Iran has turned off two surveillance cameras used by the U.N. watchdog agency to monitor a nuclear site, state television reported Wednesday, the latest sign of rising tensions with world powers over the revival of a 2015 deal that limited Iranian nuclear activities in exchange for the easing of international economic sanctions.
The Atomic Energy Organization of Iran removed two cameras surveying an “online enrichment monitor” installed by the United Nations’ International Atomic Energy Agency to monitor uranium enrichment, according to Iran’s Press TV. The report went on to say that more than 80% of the U.N. agency’s cameras would continue to operate as before under safeguard agreements.
Iran’s move comes after a snag in its negotiations with world powers over resurrecting the 2015 nuclear deal, which placed limits on the country’s enrichment of uranium. Russia is one of the signatories to the 2015 deal, and its war on Ukraine has further complicated the nuclear talks.
World powers are expected to censure Iran this week over advances in its nuclear program, further escalating tensions. The United States, Britain, Germany and France submitted a resolution to the IAEA’s board of governors at its quarterly meeting this week criticizing Iran for failing to fully address the nuclear agency’s questions over traces of uranium detected at locations that have not been declared nuclear sites.
The resolution is opposed by Russia and likely to anger Tehran.
The nuclear watchdog said Wednesday that it was aware of the latest reports from Iran but declined to comment further. Iranian state media reported that the country’s nuclear agency had insisted it cooperated extensively with the IAEA, but that the international agency did not appreciate its goodwill.
Earlier this week, the U.N. nuclear watchdog said that Iran was close to having a “significant quantity” of enriched uranium, meaning enough to make a nuclear weapon.
“It’s a matter of just a few weeks,” Rafael Mariano Grossi, the U.N. agency’s director general, told its board of governors Monday.
But he went on to say that this did not mean that Iran had already created such a weapon and stressed the importance of IAEA inspectors having access to the country’s nuclear sites.
France, Germany and Britain said in a statement to the nuclear watchdog’s board Tuesday that they were “deeply concerned” about Iran’s nuclear advances, warning that the country was further reducing the breakout time – or the time it would take to make a quick leap toward manufacturing a nuclear weapon.
They said this was engendering distrust over Iran’s intentions.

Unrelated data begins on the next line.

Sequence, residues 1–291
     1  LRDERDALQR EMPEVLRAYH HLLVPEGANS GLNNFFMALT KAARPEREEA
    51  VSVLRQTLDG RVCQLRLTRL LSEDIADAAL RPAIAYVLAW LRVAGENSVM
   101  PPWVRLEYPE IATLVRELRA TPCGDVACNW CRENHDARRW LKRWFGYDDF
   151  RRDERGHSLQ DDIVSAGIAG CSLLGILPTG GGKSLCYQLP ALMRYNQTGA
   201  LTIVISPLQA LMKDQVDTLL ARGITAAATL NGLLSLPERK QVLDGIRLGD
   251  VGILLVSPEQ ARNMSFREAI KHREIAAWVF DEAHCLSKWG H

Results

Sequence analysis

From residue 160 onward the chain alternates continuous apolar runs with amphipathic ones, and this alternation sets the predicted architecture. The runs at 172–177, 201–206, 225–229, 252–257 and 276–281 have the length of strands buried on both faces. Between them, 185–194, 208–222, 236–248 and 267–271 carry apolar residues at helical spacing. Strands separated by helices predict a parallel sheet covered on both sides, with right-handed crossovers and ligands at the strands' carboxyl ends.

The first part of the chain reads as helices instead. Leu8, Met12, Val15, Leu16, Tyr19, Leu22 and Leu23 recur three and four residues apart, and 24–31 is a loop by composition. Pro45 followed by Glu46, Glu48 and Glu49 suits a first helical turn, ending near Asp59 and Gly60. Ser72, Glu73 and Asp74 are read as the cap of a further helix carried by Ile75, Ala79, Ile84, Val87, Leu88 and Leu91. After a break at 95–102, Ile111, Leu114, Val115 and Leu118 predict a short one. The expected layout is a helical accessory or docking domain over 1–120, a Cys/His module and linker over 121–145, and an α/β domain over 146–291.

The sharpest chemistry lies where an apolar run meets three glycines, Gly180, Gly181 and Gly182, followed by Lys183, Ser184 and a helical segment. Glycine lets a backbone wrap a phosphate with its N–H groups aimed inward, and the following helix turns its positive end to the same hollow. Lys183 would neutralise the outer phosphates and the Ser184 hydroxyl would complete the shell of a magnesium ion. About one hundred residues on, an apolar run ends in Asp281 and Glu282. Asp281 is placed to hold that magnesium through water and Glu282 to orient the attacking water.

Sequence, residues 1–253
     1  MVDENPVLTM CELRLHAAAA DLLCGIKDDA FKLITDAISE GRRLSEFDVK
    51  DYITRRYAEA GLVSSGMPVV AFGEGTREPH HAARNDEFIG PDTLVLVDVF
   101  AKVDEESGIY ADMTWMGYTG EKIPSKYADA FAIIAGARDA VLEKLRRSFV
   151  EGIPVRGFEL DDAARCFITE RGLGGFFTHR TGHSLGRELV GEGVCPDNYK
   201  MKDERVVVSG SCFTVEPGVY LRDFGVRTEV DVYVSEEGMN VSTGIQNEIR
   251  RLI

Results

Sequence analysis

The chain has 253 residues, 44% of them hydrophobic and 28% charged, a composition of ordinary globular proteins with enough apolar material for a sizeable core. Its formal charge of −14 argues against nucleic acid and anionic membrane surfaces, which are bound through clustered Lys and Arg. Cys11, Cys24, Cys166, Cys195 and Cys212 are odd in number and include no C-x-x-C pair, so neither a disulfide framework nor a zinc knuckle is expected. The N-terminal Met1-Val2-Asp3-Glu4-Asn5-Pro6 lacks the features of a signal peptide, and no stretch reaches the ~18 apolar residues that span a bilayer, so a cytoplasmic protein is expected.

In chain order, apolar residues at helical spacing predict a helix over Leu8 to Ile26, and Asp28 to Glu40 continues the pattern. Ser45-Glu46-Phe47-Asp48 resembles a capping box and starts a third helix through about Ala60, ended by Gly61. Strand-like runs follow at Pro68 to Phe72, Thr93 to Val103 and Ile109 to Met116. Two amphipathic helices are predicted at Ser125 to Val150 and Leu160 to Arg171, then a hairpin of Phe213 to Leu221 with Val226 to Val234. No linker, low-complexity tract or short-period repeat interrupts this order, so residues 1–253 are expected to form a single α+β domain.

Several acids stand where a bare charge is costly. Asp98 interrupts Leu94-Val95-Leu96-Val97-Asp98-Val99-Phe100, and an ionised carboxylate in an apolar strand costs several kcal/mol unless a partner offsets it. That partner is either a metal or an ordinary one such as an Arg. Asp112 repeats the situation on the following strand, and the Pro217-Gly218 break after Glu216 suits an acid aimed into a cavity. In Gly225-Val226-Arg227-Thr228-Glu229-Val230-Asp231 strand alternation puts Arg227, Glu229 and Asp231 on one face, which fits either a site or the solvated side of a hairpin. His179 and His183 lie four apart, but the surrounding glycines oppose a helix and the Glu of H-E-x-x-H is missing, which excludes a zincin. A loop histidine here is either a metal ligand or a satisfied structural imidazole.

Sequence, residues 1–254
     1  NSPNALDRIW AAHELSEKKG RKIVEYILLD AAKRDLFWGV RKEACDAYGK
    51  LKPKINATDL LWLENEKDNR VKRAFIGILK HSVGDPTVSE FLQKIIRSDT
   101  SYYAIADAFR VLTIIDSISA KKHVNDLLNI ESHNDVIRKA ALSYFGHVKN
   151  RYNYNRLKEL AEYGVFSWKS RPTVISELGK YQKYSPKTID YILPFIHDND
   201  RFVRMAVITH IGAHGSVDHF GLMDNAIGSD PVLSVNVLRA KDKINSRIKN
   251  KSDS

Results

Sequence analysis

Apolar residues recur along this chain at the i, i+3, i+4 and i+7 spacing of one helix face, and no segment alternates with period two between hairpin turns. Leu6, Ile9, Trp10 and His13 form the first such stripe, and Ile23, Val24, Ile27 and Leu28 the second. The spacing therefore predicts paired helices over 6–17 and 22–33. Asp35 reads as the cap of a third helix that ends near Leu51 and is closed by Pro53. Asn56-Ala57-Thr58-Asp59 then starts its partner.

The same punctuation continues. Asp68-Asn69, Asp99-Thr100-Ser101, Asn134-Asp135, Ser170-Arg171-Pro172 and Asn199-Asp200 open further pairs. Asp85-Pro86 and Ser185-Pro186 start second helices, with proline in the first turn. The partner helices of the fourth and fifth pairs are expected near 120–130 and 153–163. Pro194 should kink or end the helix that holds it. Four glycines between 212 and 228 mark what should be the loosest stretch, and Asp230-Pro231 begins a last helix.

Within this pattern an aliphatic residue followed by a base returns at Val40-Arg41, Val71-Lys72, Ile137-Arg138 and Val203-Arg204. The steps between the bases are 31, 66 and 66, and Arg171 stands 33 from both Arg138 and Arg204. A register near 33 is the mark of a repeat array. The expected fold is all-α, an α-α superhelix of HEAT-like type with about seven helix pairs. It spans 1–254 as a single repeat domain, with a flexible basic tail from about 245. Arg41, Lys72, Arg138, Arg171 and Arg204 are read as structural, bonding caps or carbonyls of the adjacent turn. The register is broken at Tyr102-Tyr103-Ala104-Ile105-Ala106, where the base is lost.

“We strongly urge Iran to stop escalating its nuclear program,” their statement said, adding that a deal was “on the table” and that Iran should conclude it urgently, because the terms being offered would not be available indefinitely.
Those expressions of concern led up to Iran’s announcement Wednesday.
Iran has long maintained that its nuclear program is for peaceful purposes only. An assessment by U.S. intelligence agencies some years ago, however, concluded that the country once had a nuclear weapons program but halted it in 2003.
The Press TV report did not identify the facility where the surveillance cameras had been turned off but said the operation of these cameras was “deemed beyond the obligations” laid out in an Iranian agreement with the international watchdog on nuclear safeguards.
An “online enrichment monitor” at the Natanz uranium enrichment facility was installed in 2016, and the IAEA said at the time that it would help assure the world that Iran would fulfill its nuclear-related commitments.
Last year, Tehran said that it had begun enriching uranium to 60% at Natanz, after an Israeli attack on the plant while talks on the nuclear deal were stalled.
Iran is also enriching uranium at Fordow, a nuclear facility embedded inside a mountain at a based protected by Iran’s powerful Revolutionary Guard.
The U.N. watchdog said Iran had been withholding footage from its monitoring of its nuclear sites since 2021.
“The IAEA has been without crucial access to data on centrifuge and component manufacturing for a year and half now,” the statement by Germany, France and Britain said Tuesday. “This means that neither the agency, nor the international community, know how many centrifuges Iran has in its inventory, how many were built, and where they may be located.”
Grossi also told the agency’s board Monday that Iran has not provided credible explanations for the watchdog’s discovery of nuclear material at three undeclared locations. Nonetheless, he said, it was important for the agency to keep engaging with Iran.